Glossary of Terms
Supplier diversity is a fairly new term in Canada. Following definitions are designed to help you understand the language, navigate the space and make forward progress happen. Following is Supplier Diversity Glossary of Terms.
B2B – “Business to Business” denotes trade between commercial organizations rather than between business and private customers
B2C – “Business to Consumer” denotes the trade of goods/services between a business and consumers.
Capability Statement – A capability statement, normally a one-page document, is a communication tool to show buyers, at-a-glance, what your business is and what you can do for them. It helps you give general and specific information about your business, including company background, experience and areas of expertise that are particularly relevant and compatible to the requirements of the project or tender request.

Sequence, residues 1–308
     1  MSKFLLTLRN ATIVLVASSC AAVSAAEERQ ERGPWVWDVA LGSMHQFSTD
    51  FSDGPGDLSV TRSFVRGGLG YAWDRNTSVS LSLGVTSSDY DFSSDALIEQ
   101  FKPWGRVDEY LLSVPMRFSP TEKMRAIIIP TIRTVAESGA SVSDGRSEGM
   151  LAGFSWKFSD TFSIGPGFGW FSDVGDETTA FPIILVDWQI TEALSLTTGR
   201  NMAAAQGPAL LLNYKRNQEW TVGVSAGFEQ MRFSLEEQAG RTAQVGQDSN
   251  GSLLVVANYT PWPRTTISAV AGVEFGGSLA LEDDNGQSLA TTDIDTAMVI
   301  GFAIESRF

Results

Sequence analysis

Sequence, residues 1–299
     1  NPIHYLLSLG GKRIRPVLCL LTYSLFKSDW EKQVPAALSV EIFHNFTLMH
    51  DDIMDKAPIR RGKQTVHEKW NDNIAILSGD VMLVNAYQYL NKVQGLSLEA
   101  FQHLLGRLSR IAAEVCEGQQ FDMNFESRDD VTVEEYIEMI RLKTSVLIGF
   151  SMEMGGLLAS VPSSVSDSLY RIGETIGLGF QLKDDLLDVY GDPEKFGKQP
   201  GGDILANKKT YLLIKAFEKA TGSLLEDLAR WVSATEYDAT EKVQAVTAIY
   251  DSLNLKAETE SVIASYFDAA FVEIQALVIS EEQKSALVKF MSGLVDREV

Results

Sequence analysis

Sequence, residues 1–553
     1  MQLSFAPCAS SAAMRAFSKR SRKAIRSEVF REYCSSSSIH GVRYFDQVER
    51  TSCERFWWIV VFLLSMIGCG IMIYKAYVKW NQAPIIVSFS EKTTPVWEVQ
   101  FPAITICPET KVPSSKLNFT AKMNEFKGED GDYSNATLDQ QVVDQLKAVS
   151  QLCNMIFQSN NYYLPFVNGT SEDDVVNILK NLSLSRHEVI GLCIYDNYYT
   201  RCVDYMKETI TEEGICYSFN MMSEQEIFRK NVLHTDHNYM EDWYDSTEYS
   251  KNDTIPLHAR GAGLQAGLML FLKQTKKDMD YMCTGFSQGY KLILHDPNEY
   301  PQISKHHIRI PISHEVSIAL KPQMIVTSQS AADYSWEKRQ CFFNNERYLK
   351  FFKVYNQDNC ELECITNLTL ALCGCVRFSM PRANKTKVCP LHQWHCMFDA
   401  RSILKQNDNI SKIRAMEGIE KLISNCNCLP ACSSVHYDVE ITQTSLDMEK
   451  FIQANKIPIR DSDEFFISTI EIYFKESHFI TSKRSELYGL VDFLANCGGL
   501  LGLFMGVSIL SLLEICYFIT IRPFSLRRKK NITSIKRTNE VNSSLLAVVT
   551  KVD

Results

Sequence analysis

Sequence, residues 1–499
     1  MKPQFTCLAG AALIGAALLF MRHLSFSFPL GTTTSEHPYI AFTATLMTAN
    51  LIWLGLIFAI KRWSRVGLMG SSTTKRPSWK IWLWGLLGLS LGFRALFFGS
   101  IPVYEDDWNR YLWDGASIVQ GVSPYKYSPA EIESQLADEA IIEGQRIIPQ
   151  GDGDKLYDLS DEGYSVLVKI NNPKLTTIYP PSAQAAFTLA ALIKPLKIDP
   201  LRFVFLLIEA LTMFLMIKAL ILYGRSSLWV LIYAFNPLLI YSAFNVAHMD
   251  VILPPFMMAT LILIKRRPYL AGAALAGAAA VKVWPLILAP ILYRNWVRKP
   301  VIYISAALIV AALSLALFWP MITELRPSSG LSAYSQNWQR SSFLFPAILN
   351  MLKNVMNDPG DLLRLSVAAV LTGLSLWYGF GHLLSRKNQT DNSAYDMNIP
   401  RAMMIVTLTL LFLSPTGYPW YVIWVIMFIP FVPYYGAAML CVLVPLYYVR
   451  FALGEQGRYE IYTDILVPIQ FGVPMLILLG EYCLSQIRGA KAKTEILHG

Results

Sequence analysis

Certification – authenticates that a business is owned, managed, and controlled by a qualifying diverse group. Certification also opens the door for opportunities to contract with major corporations and public procurement offices who have supplier diversity programs in place as a business strategy to increase the number of diverse suppliers within an organization’s supply chain. Supplier diversity certification occurs through a third-party certification agency such as WBE Canada. The process involves documentation, screening, interviews, and possibly on-site visits to confirm that your business is indeed diverse. Certified WBEs become eligible to compete under supplier diversity programs in large corporations & government entities.
Corporate Member – WBE Canada is NOT an association. We are the third party certification service provider for our Corporate Members. WBE Canada Corporate Members represent organizations committed to buying from diverse suppliers, specifically from women-owned businesses. These corporate and government entities have or are developing their supplier diversity programs and are open to supporting Canadian certified WBEs through their supply chains. WBE Canada is led by Corporate Members with the mandate to build connections and open doors between Canadian women owned businesses and corporate/government buyers across North America. WBE Canada’s Corporate Members are listed here.